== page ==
“What we’ve done is cause an unintended spike in stillbirth while trying to protect [pregnant women] from COVID-19,” says Jane Warland, a specialist in midwifery at the University of South Australia in Adelaide.
The largest study to report a rise in the stillbirth rate, based on data from more than 20,000 women who gave birth in 9 hospitals across Nepal, was published in The Lancet Global Health on 10 August1. It reported that stillbirths increased from 14 per 1,000 births before the country went into lockdown to stop the spread of the coronavirus in late March, to 21 per 1,000 births by the end of May — a rise of 50%. The sharpest rise was observed during the first four weeks of the lockdown, under which people were allowed to leave their homes only to buy food and receive essential care.
33. Russia: Researchers highlight ‘questionable’ data in Russian coronavirus vaccine trial results
Open letter flags results that appear to be duplicated and calls for access to the underlying data on the first COVID-19 vaccine to be approved for widespread use.
A group of researchers have expressed concern about repetitive patterns of data in a paper describing early-phase clinical trials of Russia’s coronavirus vaccine — the first jab worldwide to be approved for widespread use.
In an open letter to the study authors, who published the trial results1 this month in The Lancet, the researchers highlight values that seem to be duplicated, and warn that the paper presents its results only as box plots without providing a detailed breakdown of the data on which they are based. “While the research described in this study is potentially significant, the presentation of the data raises several concerns which require access to the original data to fully investigate”, the letter says. It has so far been signed by 38 scientists.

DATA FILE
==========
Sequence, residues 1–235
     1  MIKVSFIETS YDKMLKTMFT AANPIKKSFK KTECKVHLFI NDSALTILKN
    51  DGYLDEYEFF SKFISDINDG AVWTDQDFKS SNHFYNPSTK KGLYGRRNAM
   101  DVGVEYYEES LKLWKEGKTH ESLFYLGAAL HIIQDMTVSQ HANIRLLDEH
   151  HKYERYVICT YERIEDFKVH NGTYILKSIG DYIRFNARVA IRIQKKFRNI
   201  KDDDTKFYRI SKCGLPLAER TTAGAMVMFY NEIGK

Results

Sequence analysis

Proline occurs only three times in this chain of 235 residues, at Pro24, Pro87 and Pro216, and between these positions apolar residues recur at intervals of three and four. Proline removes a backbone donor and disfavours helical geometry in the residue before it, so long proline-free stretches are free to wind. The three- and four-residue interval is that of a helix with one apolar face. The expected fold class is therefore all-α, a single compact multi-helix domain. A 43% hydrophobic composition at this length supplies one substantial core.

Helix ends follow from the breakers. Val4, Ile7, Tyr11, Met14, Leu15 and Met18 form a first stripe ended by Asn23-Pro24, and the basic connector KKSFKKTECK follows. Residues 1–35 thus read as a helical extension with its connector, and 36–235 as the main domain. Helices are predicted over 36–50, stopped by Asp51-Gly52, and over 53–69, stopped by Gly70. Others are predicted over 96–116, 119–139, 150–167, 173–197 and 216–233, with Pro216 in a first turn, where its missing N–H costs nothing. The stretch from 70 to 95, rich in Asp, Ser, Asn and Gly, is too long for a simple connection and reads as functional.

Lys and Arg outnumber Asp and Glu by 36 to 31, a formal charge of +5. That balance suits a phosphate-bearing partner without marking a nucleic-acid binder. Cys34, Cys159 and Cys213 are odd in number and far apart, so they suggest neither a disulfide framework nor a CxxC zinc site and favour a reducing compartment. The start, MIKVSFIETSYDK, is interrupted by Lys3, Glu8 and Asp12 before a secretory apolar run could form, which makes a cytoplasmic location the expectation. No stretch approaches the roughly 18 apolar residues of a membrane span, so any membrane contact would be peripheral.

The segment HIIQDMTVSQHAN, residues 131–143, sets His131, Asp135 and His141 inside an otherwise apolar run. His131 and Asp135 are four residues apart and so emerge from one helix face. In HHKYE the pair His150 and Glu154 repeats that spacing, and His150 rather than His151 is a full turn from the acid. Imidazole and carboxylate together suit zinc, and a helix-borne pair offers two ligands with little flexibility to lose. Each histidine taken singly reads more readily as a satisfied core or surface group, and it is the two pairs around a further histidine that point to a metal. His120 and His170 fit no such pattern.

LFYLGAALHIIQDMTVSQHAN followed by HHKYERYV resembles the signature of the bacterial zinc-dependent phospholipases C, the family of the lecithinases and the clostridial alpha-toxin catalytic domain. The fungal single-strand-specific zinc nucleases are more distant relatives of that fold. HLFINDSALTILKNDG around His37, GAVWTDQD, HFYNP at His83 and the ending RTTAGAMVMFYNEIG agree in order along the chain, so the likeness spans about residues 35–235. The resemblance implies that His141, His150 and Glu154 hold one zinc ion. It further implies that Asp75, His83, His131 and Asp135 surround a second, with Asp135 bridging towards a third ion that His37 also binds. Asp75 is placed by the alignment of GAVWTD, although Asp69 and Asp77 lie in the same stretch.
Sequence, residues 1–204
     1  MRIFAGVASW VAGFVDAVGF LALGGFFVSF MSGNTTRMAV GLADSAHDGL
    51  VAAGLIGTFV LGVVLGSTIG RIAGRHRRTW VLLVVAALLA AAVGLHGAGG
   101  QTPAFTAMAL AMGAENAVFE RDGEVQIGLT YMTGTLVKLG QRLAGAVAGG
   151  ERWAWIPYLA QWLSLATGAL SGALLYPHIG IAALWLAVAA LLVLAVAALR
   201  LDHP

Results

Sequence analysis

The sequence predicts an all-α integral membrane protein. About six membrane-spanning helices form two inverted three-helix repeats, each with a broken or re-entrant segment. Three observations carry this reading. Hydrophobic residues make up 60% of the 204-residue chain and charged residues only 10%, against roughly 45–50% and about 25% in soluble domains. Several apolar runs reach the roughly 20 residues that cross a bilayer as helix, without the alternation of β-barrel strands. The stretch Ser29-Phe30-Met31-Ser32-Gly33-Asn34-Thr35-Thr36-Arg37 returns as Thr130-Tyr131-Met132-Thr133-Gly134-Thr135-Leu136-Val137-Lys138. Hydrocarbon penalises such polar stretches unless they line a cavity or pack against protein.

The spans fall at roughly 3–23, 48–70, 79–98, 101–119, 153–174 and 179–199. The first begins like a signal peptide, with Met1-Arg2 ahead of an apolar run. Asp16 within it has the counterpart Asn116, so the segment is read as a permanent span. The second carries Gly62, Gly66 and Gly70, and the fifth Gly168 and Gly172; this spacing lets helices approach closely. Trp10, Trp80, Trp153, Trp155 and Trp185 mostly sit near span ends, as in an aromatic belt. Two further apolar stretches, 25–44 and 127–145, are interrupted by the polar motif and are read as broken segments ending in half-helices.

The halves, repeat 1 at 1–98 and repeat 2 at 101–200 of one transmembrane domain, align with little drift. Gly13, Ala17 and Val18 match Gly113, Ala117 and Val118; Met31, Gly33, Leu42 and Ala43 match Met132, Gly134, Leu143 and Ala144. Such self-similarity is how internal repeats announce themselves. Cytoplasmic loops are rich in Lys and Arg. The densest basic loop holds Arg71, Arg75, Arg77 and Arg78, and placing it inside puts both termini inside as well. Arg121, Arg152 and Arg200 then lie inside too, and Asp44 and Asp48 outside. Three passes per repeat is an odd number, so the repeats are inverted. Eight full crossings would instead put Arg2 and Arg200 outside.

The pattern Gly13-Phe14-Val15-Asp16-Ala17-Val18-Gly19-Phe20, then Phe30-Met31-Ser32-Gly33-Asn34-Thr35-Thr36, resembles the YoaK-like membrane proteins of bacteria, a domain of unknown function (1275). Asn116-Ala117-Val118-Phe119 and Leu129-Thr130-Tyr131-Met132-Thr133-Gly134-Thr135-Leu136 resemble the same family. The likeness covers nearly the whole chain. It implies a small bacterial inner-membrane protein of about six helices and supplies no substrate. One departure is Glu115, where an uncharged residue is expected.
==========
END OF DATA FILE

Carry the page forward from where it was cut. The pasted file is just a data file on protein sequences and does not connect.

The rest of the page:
The trials tested two slightly different viral-vector vaccines — which use genetically engineered adenoviruses to produce coronavirus proteins in the body — on 76 volunteers. The results indicated that the vaccine produced a strong immune response, and that side effects were limited to mild, short-term effects, such as irritation at injection sites or headaches, in a few people. In August, the Russian authorities approved the vaccine, called Sputnik V, for widespread use, and have said that it could be available to the general public within months.
34. International: Ericson: Putting the spotlight on 5G in rural areas
The global pandemic has led to a renewed focus on closing the digital divide, which is primarily driven by changes in three areas. These changes in demand have created an opportunity to transform rural communities, and the decisions made in the next three years will have a major impact on their future.
5G rural broadband and the elimination of the digital divide is not a new phenomenon. Bridging the digital divide is needed not only to allow internet access at broadband speeds for rural consumers, but also to aid the creation of a clever countryside – the rural sibling to smart cities. Up until recently, we described rural broadband as centered around a few cornerstones: